Negotiating and completing the grant of a sublease

Granting an Underlease

Timing of grant of underlease

Once a licence to underlet has been completed the tenant and undertenant are free to complete the underlease. This will often be done on the same day as the licence is completed. However, the sublease may be granted some days, weeks or months after the date of the licence, so long as any time limit imposed by the licence is complied with.

Negotiating an underlease

Ideally, the tenant and undertenant will have agreed heads of terms for the underletting at the outset. If so, the draft underlease will reflect those heads of terms.

Underlease negotiations will usually run in parallel with the negotiation of the licence to underlet. The agreed form of underlease is often annexed to the licence so that it is clear what the landlord has agreed to.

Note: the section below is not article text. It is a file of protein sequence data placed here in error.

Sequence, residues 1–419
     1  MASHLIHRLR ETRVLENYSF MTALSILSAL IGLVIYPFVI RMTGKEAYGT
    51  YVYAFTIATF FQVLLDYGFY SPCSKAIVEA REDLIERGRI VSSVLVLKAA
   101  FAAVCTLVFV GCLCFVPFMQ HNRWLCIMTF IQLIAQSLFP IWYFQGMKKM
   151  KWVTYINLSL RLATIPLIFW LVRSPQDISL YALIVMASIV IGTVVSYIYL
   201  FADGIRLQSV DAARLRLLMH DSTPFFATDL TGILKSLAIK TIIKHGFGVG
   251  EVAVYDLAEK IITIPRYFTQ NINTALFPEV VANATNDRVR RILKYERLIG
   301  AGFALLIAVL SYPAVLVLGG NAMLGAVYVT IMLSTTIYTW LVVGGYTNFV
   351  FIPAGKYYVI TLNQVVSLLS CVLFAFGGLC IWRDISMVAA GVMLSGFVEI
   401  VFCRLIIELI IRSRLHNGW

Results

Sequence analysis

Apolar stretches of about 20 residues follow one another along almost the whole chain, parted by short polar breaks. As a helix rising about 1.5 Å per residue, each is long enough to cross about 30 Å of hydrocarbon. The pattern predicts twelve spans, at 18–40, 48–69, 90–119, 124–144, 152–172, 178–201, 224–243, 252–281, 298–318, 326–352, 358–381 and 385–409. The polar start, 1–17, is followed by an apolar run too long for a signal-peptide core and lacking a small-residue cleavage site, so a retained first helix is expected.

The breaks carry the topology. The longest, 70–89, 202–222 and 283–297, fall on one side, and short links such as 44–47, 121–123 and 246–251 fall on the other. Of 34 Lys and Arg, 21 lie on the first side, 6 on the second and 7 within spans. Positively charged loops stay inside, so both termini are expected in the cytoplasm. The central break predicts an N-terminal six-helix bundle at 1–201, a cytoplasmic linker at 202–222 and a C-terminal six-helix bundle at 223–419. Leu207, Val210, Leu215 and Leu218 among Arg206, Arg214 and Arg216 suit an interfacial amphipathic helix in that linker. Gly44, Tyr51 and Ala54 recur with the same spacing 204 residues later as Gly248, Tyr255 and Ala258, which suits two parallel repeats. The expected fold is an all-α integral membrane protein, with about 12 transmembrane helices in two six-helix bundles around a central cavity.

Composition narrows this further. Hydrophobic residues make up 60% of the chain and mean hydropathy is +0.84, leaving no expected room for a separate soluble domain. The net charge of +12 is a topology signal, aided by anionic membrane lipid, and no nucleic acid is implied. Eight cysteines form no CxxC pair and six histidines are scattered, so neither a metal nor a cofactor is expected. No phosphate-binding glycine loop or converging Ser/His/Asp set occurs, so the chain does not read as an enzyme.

If the underlease is to be very simple, with a low rent and a short term, the tenant may deal with negotiations himself. However, in most cases the landlord will instruct a solicitor to handle matters on his behalf.

Many of the steps taken by the tenant and undertenant will be the same as those taken when granting a standard lease. Our page Negotiating a Business Lease has useful information for both parties.

Notice of underletting

The lease or the licence to underlet (or both) will usually include a clause requiring the tenant to give the landlord “notice of underletting”. This is a formal notice confirming that the underlease has been granted. A certified copy of the underlease should be enclosed for the landlord’s records.

If the underlease has been registered at the Land Registry (which will be necessary if it has a term exceeding 7 years), the tenant will also need to give the landlord copies of the Land Registry title for the underlease.